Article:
Another notable feature of the RX-8's design is the prevalence of triangular symbols inside and out: a reference to the engine's three-sided rotor, these devices adorn the headrests, the gear shifter, and even the top of the hood, giving the cabin a slightly Masonic feel. Our car also came with the optional "rotary accent package," which includes two polished badges of the same shape attached underneath the front and rear bumpers.
If the RX-8 is a car for sports car purists from the outside and under the hood, then it is even more so in the cabin, as there are precious few gadgets to tempt the driver's eyes from the road. For entertainment options, our top-of-the-range Grand Touring model came with all the RX-8 has to offer in the form of a highly stylized stereo head unit with black-piano lacquer finish. (The number of pianos that give their lives each year to furnish Mazda interiors does not bear thinking about.)
The standard audio system comprises an in-dash, six-disc changer without the ability to read MP3 or WMA discs. From the evidence of a redundant button on the right of the stereo, it appears that the RX-8 may have once offered tape deck and even minidisc playback capabilities. While the trip down music format memory lane was pleasant, however, we would like to have seen at least an auxiliary input jack for hooking up our iPod.
Our car did come with the Sirius Satellite Radio option ($438), which gave us an alternative to Red Book CDs and AM/FM stations. However, as we found in our review of the MazdaSpeed 3, Mazda's designers don't appear to test the integration of satellite radio in their navigation-lacking models. If they did, they would see that the means of selecting stations is far from intuitive.
While it is possible to call up the name of the current channel--and current artist--on the monochrome LCD screen above the dash by pressing the DISP button, it is not possible to change that channel without reverting to the channel number. You can then search for other stations only by number, calling up the text for the channel name only by further pushes of the DISP button. If you're anything like us, you probably don't know all 134 Sirius stations by number.
Somewhat surprisingly, the RX-8 does come with GPS navigation as an option: for an extra $2,000, drivers get a voice-activated navigation system with a 7-inch touch screen that pops up out of the top of the dash. According to Mazda, the navigation system's touch screen can also be used to program the car's climate control and audio systems. In the absence of the navigation system, however, we were reduced to using the RX-8's head unit controls to program our music selection.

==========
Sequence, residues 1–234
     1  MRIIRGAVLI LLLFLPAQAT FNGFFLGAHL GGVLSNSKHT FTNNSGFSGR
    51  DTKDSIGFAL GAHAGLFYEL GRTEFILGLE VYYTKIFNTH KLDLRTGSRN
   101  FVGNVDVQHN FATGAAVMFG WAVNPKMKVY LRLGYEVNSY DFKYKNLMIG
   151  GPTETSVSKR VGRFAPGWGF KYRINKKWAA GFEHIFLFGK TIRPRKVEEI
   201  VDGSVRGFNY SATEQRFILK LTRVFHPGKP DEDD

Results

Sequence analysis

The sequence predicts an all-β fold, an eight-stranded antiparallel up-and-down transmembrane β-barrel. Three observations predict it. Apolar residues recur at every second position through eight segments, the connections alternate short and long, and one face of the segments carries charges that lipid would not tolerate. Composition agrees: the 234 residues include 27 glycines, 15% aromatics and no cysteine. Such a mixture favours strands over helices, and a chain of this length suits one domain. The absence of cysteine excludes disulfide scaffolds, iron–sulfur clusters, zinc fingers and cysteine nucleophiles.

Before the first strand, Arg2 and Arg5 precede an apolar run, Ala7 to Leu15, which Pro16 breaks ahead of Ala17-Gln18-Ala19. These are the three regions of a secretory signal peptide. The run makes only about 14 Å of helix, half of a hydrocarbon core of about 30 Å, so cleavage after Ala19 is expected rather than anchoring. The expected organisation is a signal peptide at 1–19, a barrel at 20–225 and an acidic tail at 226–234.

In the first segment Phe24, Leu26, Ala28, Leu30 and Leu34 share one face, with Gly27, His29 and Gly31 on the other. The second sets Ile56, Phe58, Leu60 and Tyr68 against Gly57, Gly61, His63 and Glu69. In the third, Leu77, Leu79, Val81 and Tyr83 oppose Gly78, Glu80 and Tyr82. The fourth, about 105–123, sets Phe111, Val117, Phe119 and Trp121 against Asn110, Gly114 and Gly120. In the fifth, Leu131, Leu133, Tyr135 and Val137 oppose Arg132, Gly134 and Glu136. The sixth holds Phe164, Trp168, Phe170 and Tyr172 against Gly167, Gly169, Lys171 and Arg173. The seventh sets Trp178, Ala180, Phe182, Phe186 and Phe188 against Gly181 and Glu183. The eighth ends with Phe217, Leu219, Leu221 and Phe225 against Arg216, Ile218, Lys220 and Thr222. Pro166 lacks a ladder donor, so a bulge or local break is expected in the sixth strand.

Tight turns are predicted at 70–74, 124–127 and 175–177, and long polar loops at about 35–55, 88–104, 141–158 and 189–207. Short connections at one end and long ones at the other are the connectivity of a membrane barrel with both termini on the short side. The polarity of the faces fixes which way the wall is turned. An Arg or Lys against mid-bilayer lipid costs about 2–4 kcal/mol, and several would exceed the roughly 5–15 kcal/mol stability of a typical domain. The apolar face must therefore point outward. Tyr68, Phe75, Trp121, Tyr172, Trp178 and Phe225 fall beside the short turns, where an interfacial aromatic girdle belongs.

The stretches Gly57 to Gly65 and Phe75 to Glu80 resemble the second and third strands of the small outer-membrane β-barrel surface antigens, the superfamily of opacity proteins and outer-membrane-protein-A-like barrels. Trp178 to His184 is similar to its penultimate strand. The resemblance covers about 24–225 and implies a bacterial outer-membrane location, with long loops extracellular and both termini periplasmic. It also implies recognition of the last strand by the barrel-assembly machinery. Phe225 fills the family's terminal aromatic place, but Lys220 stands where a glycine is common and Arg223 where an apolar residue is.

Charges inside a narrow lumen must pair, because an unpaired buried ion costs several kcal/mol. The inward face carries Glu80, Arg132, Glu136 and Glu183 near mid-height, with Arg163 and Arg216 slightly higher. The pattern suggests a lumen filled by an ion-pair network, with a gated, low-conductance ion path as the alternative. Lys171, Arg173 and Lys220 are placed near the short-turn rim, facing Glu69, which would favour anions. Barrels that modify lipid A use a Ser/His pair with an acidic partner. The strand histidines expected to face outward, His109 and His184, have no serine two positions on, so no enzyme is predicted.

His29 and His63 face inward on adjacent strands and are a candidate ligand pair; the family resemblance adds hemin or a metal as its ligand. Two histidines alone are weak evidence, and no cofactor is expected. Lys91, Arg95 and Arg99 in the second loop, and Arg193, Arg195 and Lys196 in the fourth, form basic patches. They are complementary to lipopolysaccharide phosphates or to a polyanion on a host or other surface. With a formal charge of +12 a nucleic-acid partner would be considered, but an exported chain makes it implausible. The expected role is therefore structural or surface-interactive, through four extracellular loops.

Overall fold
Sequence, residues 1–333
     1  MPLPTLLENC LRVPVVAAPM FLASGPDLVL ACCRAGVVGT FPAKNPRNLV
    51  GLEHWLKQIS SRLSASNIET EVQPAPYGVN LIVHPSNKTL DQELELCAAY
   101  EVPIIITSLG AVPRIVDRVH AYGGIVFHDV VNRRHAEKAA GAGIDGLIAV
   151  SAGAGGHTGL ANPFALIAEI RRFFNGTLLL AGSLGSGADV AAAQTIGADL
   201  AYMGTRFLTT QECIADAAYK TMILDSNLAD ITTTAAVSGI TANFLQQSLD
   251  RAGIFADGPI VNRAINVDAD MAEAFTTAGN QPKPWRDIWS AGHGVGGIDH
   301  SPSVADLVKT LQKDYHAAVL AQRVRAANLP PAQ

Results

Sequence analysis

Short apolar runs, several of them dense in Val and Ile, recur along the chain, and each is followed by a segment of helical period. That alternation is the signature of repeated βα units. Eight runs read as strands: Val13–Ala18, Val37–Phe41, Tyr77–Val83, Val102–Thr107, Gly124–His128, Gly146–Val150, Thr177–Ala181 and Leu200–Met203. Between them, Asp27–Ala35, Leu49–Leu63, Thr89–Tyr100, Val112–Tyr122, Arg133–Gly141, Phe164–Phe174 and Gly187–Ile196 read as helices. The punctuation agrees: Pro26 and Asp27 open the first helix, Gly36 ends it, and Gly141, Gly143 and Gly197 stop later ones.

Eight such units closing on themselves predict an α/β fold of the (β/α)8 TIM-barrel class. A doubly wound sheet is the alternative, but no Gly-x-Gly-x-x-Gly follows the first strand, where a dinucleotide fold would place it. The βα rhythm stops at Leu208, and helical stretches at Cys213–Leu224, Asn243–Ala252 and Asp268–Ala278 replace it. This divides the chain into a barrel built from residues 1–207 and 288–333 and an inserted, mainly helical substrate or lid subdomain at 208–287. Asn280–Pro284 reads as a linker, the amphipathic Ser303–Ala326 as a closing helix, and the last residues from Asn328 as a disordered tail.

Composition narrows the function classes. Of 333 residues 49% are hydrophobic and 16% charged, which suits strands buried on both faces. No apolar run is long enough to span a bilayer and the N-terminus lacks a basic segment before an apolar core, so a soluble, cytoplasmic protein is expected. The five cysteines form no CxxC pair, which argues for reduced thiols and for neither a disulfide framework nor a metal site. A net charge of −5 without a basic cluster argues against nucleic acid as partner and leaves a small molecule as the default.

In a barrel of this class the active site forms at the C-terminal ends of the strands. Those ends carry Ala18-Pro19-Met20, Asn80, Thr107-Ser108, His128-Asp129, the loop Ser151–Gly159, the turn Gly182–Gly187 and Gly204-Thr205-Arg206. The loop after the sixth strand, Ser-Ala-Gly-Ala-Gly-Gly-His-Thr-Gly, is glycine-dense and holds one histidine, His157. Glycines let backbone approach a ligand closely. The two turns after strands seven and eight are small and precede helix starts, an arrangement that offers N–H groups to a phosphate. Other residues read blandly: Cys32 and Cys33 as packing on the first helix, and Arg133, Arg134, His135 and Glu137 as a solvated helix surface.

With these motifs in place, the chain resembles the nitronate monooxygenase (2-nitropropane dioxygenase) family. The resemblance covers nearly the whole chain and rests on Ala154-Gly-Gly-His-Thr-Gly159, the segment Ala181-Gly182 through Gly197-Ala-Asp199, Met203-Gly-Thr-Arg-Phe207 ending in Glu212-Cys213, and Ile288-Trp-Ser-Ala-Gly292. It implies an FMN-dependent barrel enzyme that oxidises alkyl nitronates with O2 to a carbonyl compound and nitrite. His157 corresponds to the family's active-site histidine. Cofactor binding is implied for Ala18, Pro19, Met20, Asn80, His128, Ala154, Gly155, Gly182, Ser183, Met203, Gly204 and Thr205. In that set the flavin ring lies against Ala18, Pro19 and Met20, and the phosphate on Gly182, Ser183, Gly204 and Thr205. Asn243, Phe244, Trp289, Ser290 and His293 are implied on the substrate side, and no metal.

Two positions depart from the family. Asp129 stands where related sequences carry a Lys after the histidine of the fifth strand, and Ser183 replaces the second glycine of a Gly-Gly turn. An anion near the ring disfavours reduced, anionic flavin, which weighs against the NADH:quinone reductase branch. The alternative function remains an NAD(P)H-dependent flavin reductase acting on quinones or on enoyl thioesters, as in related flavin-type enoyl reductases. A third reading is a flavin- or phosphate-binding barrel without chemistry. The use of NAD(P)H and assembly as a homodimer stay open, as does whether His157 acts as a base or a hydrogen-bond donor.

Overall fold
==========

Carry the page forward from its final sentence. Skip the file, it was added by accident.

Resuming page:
Under the hood
As noted above, the real story with the RX-8 is its Renesis rotary engine, which is the only one of its kind currently in production. It works by replacing the pistons, valves, and other reciprocating parts of a regular internal combustion engine with two chambers, each containing a three-sided rotor orbiting a central axle.
As the rotors spin in their respective chambers, they create a constant cycle of suction and compression between their apexes and the chamber housing. This action sucks the fuel-air mixture into the combustion chamber, where it is sealed, compressed, and ignited by two spark plugs.
The power created by the ignition of the fuel is translated to the gearbox via offset (or "eccentric") lobes on the output shaft. As the rotor spins around the chamber, it pushes on the lobes, which, in turn, cause the output shaft to spin. (For a good visual impression of how it works, check out Mazda's video.)
Due to its unique mechanism, the Renesis engine is far smaller--and therefore has need of less displacement--than a comparably powered piston engine. Not only does this save weight, it also enables the engine to be mounted aft of the front axle, adding to the RX-8's near 50-50 front-to-rear-weight distribution. This balance, combined with an as-standard limited-slip differential, gives the RX-8 the kind of superior handling and road-holding prowess that invites spirited misbehavior.
The lack of moving parts in the rotary engine relative to piston engines also ensures a noticeably smoother ride. When driving around in the RX-8, we found the usual judder associated with manual up- and downshifts in piston-engined car.
As we saw in our 0-to-60 mph runs, the RX-8 can feel anemic off the line and through the lower rpm range, but once you have the ground speed and engine speed up, it is a delight to drive, especially when changing down for quick acceleration and holding gears all the way to redline, which results in a melodious growl from the exhaust.
The downside of all this fun is the RX-8's pitiful gas mileage, which results principally from the inefficiency of the rotary engine, compared with piston-power plants. We managed just more than 220 miles on a full 16-gallon tank of gas, translating to a meager 14 mpg, nearly half of which was in highway driving. (We can't even blame this poor fuel economy on our 0-to-60 runs, which we did after refueling).
From its distinctive exterior styling to its unique rotary engine, the Mazda RX-8 is a mold breaker. It is in serious need of a cabin tech upgrade, and its gas mileage would be disappointing for a piston engine car with three times as much displacement.
Stoplight speed demons will also be put off by its lack of low-end oomph. But there is more to spirited driving than shredding tires, and the RX-8's precise handling and high-revving engine are a joy. It might not win over Ford Mustang fans, but those looking at the Nissan 350Z and the Mitsubishi Eclipse Spyder might want to consider this zoom-zoomer as an option.